Like my friend Simon James Pettitt, I was at Knudepunkt. It was awesome.
I attended as an activist and therefore went to less talks, co-creative sessions etc, but all in all I had great fun. Long story short: Knudepunkt was great and overwhelming at the same time. What I mostly remember and took with me from Knudepunkt was the amazing people and how interesting perspectives they brought along with them.
I’ve been to Midtfyn Fritidscenter to a couple of events before and I have mixed feelings about it. I honestly think that it as venue is so-so (and the food is pretty dull), but it’s cheap and it worked out okay in the end (with the very unfortunate exception of apparently fucking up about some people’s allergies. Not cool, really not cool). Apart from mistakes done by venue the whole thing went rather smoothly from what I experienced and the organizers kicked ass. It was awesome.
What mostly stands out to me from Knudepunkt was the following:
- The general friendliness, which was great at a time when I’m fairly stressed (as a result of trying to finish my studies and get a degree).
- Some awesome and inspirational insights into how larp is done in other countries and fun parties organised by various people (the Dutch party in particular was awesome (I was offered cake that I haven’t had the oppotunity of tasting in over 20 years, which was a fantastic kind of nostalgia. I think it was “Note taart”, but all kinds of Dutch food were fucking awesome and beyond my feeble vocabulary to do justice)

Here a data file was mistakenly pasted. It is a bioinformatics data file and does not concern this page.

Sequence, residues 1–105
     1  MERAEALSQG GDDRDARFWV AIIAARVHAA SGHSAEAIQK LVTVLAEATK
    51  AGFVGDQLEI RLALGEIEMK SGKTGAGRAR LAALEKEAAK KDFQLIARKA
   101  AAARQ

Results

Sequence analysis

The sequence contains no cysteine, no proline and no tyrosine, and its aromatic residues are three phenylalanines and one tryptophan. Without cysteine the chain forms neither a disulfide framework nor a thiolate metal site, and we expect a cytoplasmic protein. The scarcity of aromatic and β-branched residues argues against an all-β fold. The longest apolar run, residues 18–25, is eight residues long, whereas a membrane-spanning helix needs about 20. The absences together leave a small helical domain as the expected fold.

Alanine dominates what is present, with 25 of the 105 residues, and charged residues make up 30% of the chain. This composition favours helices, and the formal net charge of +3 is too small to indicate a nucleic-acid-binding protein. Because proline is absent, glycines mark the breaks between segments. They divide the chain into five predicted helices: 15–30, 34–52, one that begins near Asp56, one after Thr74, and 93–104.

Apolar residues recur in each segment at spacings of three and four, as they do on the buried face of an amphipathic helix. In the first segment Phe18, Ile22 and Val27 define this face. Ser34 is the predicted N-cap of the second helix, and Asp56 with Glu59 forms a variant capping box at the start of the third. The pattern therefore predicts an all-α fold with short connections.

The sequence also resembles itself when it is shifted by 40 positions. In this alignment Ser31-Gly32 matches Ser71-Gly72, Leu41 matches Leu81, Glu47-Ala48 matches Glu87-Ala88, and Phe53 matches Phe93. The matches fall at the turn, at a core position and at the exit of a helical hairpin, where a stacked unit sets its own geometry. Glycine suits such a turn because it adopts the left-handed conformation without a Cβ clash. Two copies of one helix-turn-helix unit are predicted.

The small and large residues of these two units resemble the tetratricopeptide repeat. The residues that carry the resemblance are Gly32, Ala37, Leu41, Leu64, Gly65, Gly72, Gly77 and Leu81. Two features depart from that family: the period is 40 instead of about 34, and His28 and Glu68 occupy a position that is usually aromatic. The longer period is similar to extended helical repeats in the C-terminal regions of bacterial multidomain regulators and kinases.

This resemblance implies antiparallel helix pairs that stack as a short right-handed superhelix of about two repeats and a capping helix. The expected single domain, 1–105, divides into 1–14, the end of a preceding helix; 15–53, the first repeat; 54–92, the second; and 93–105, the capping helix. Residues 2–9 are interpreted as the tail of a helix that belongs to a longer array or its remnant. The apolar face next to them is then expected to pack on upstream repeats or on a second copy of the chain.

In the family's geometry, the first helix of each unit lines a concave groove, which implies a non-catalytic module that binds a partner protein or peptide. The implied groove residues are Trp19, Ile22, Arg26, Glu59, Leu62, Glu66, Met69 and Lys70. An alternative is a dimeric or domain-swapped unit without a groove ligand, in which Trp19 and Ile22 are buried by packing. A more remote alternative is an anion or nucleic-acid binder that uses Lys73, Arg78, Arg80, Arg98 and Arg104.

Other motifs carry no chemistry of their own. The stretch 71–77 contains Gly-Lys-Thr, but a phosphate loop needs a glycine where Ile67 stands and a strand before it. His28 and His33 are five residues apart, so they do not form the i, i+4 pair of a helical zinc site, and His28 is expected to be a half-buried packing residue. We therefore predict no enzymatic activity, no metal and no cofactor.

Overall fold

- The open mic event. I’ve never heard Rhiannon sing before, but she was wonderful. Oliver Nøglebæk (another awesome person) had reciped a poem by Kipling and J-Mac kicked ass. Funniest act I’ve seen in a long time and very illuminating. I suddenly get stuff I thought I understood about what it means to be transgender.
- Someone did a really co-creative talk about workshops (they were Swedish as far as I can recall). I liked the co-creative talk as such, but what was my Knudepunkt moment happen almost accidental as a part of that. We were talking about and doing exercises for larp workshop when a group of Polish women (both nationality and gender are relevant for this part) talked about doing “the Bell” as an exercise. They asked for a volunteer and I volunteered. What happens in “the Bell” is that one person is the clapper. Everyone else is standing in a circle around this person. The Clapper have to stand straight and upright, eyes closed while everyone else pushes him or her around, like a clapper striking a bell. It’s a trust exercise, simply.This is where it gets personal, because a while back (Winter/Spring of 2011), I was living in Salford, UK in a very dysfunctional student house with a third of the people living in the house was Spanish, a third was Polish and a few other people, including myself. What was remarkablely unpleasant about this time was that the Spanish people spoke Spanish in the house while the Polish spoke Polish. In hindsight I don’t think people were doing very well (I know I didn’t), but people certainly didn’t treat each other nicely. We were a house filled with people being quite mean to each other, quite simple. I don’t speak Spanish, but I understand enough to have a rough understanding of what was going on. Not so much with the Polish. The result ended up being that I devolved a hefty dose of social paranoia. And while I try to have as few prejudices as possible, I can’t deny that Polish as a language or English spoken with a Polish accent was unpleasant to me.Did you notice that I used past term there? Because if you missed it, I’ve just pointed it out! 😀 This exercise accidentlæ gave me back a lot of my trust in people. So whoever the Polish girls are who suggested this exercise, I hope you’re reading this. But I can’t thank you enough. This simple larp exercise was extremely therapeutic and it enabled me to let go of some bad memories. I later realized after doing it that I’d just told my social paranoia to go fuck itself. That was my best moment of Knudepunkt 2015.